Jim and Jillian Dellit established this website to bring together their various endeavours, to engage with and contribute to the educational community and educational delivery. Jillian is continuing this work both in her own right, and to keep faith with Jim's life, 1947-2014, and their productive partnership 1970-2014.

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Lessons from the past: #1

Posted by Jim in Uncategorized
June 13

When it comes to education, there is no such thing as ‘the good old days’. Good things did, of course happen – mostly to those of us who succeeded. It is easy to feel nostalgic about a happy and rewarding time at school.

I went to Sydney’s Bellevue Hill Primary School in the 1950s. Bellevue Hill was not quite the posh suburb it is now, though it was always middle class. Classes were 1950’s sized, about 40 kids, and boys were separated from girls from the end of Junior Primary.

the girls were 'just visiting'...

It was possibly about the curriculum, I know the girls did sewing, but I cannot think of a male equivalent that we did. It wasn’t about nascent s*x: we were allowed to play together in the breaks and we did folk dancing and school performances together. Perhaps it was about discipline. The girls had female teachers. The boys had male teachers and got the cane. Although I loved school and was a conscientious and bright student, I was caned. Mr Watters, who had a withered arm and was well beyond retirement age (there was a post war teacher shortage), sent me next door to be caned by Mr Spence for spelling errors.

Spelling was not my strong point. We copied corrected spelling words from our compositions onto bits of paper and kept them in our spelling tins – cigarette tins with delicious nicotine smells. On the teacher’s instruction we would take out our spelling tins,  take a word out of our neighbour’s tin (our ‘neighbour’ being the boy with whom we shared a desk) and ask him to spell it .We put a tick on it if he got it correct. The word was thrown away when you got three ticks. Three crosses and you got the cane.

My neighbour was Ronnie Lawson. He had very few words in his tin: the vocabulary he used in his stories was not as exploratory as mine. He was a refugee child and his family’s first language was not English. When his family arrived in Australia, they asked to change their name to Australia’s greatest writer. “That’ll be Henry Lawson” said the immigration official. About one third of the students in my class were refugee children. Their experience did not receive any acknowledgement, and they did not receive any ESL support.  They were ‘refos’ and managed as best they could.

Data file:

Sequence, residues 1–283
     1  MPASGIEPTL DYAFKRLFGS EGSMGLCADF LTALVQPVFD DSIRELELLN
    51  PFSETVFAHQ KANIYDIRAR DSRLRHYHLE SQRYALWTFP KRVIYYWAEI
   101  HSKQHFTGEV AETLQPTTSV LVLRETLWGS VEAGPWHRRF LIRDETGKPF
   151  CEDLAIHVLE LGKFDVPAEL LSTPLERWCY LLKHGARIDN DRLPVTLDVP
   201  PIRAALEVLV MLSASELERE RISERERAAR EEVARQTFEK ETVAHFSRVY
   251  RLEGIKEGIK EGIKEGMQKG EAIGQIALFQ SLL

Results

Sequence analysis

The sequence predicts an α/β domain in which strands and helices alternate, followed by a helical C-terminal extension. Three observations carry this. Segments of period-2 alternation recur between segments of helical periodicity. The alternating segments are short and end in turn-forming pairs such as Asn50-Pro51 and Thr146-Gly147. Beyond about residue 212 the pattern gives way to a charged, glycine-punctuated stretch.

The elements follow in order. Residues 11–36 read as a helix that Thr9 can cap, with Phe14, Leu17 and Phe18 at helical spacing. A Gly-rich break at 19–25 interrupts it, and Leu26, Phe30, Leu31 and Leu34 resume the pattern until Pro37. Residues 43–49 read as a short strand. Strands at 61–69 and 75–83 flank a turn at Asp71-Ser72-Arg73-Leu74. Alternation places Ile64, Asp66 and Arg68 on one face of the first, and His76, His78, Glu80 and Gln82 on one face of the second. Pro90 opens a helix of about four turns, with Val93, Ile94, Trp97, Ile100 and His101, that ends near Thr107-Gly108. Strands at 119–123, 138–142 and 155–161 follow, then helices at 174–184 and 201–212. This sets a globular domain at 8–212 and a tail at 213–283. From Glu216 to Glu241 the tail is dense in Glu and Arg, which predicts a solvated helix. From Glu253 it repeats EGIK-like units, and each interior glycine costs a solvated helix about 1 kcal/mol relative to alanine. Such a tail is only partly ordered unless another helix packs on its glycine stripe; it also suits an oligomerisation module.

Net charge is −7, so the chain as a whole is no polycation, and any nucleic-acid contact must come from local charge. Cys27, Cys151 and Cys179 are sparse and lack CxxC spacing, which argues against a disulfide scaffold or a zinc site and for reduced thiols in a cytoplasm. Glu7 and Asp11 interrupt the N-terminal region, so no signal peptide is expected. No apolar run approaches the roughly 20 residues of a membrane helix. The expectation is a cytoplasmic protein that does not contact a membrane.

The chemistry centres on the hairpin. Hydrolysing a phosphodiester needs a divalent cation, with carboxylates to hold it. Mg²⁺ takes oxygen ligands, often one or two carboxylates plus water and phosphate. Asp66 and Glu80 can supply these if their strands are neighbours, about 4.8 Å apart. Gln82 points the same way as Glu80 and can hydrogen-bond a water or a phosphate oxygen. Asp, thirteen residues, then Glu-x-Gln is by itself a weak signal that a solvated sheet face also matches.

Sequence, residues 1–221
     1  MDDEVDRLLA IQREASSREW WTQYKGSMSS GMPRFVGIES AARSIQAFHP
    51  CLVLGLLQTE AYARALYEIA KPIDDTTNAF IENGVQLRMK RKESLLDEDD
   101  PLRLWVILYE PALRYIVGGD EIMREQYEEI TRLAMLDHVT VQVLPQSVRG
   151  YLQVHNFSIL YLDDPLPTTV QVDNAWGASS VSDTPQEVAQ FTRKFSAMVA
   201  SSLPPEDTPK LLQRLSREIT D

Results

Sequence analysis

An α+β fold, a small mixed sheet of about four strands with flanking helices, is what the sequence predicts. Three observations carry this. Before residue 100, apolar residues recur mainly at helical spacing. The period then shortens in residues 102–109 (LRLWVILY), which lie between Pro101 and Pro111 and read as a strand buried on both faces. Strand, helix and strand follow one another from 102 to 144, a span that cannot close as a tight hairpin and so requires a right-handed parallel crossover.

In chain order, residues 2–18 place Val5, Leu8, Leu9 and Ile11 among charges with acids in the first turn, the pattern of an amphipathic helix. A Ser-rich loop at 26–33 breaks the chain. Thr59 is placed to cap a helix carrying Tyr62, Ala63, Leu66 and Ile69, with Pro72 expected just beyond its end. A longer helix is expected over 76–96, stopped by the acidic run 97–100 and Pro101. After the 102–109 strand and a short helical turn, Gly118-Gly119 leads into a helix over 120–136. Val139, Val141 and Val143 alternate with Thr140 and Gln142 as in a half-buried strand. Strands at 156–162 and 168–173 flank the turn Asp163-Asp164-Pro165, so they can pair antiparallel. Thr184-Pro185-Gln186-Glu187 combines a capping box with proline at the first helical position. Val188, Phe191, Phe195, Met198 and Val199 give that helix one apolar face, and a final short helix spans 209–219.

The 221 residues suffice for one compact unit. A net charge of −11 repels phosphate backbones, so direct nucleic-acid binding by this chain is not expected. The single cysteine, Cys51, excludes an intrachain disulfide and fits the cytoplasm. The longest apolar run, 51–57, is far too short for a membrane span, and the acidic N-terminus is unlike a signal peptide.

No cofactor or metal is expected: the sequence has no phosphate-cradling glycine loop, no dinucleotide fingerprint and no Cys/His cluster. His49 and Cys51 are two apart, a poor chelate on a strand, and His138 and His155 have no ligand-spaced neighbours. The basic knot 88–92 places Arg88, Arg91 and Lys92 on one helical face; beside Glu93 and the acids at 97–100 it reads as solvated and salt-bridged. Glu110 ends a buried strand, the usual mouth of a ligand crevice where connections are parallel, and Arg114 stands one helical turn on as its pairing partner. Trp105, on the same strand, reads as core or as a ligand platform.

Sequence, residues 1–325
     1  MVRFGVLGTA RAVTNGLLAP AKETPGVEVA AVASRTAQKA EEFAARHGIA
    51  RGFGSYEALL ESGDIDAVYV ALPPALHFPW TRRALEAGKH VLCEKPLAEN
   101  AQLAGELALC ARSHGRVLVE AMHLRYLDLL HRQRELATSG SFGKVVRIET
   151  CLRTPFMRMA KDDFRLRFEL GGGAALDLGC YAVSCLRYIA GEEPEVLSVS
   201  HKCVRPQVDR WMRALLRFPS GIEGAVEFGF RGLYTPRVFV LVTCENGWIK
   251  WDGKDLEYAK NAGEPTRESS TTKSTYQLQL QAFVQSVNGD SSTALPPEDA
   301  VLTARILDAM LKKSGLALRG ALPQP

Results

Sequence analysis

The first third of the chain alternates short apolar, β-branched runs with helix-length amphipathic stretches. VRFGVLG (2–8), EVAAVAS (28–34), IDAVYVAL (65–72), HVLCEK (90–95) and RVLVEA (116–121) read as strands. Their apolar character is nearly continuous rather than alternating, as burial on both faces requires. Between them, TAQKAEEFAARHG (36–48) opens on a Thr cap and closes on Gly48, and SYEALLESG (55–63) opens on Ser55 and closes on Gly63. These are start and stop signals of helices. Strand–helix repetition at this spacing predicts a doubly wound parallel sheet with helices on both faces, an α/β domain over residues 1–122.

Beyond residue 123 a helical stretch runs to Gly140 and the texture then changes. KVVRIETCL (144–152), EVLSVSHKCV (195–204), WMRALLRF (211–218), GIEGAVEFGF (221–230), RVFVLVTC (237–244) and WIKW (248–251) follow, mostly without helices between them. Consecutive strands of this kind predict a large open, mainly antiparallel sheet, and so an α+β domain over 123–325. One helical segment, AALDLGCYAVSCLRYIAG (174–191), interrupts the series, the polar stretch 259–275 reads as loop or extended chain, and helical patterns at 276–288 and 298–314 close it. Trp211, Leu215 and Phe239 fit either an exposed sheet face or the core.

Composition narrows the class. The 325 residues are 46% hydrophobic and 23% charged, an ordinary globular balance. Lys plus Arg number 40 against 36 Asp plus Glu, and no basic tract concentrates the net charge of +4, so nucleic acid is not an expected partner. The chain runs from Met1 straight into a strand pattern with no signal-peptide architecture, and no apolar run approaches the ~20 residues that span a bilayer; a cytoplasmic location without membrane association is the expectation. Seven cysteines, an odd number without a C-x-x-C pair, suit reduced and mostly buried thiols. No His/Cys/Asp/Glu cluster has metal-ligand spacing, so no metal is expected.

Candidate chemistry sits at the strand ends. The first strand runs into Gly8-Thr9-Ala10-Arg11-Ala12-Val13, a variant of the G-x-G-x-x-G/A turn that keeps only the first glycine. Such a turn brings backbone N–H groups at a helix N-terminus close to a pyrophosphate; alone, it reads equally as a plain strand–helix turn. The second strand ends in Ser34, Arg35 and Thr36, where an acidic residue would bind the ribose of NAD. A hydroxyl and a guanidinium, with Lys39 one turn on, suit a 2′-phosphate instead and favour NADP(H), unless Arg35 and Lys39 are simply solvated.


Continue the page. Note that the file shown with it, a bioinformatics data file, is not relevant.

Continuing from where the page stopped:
Ronnie Lawson sits directly below the teacher, with the cowlick...

In my final year of Primary School I was given some responsibilities. One of them was to purchase the headmaster’s cigarettes. It meant leaving class during lessons and crossing the busy four-way intersection to get to the shops. The headmaster was a recluse. He didn’t teach or appear out of his office. My father said he was an alcoholic as a result of the war. So I felt privileged entering his sanctum with his tin of Ardaths. Jillian did the same task for her headmaster at her school. Unlike me she never took up smoking.

During the final year at Primary School the dreaded IQ tester would visit and IQ test us. Those above a certain score were allowed to go to High School, and the Leaving Certificate; those below, went to Technical School and left school at the Intermediate Certificate. I passed and went on to High School. My brother was designated for Technical School. This was not my parents’ aspiration for him and they entered him, and ‘to be fair’, me, into private education which they could never really afford. I can visualise the IQ tester to this day, he was short and swarthy, and smelled of tobacco.

Such were the good old days.


4 Responses to Lessons from the past: #1

  1. lindsay fitzclarence says:

    I think this is a terrific initiative. Its a great way to establish links between people with a common set of interests and very different experiences and ideas. I thank you for making the effort to put this idea in motion and look forward to taking part in future exchanges.
    Lindsay fitzclarence

  2. Jillian Cheek says:

    Makes me glad that i went to country schools, though Albury Public School did have a girls door and a boys door, I don’t think they were still segregating the classes in 1957. We went to Albury North, which was co-ed. No Technical High Schools in the country, though if you lived in a small town, like Molong, people with academic aspirations were bused to the nearest High School (Orange in this case) and the Central School at Molong catered for those who were only going to the Intermediate Certificate. Cobar was called an Intermediate High School, but it did have a small Leaving class when we were there in the early 1950s. I don’t remember anybody being caned for spelling mistakes, but i will never forget that there are 112pounds in a hundredweight after having to write it out two hundred times in fifth class.
    Our class sizes were big, but I remember Dad saying that there were seventy kids in a class in one of the Catholic schools he inspected in the late 1950s, and a couple of years ago i heard an interview with a nun who had had one hundred and fifty children turn up for Kindergarten in 1951. The heart quails at the thought! How did they manage?

  3. Kristy says:


    Just wondering in what year and grade the boys school photo here was taken?

    • Jim says:

      About 1956 is my guess Kirsty. Grading was different then but I think the students were about 10 years old.

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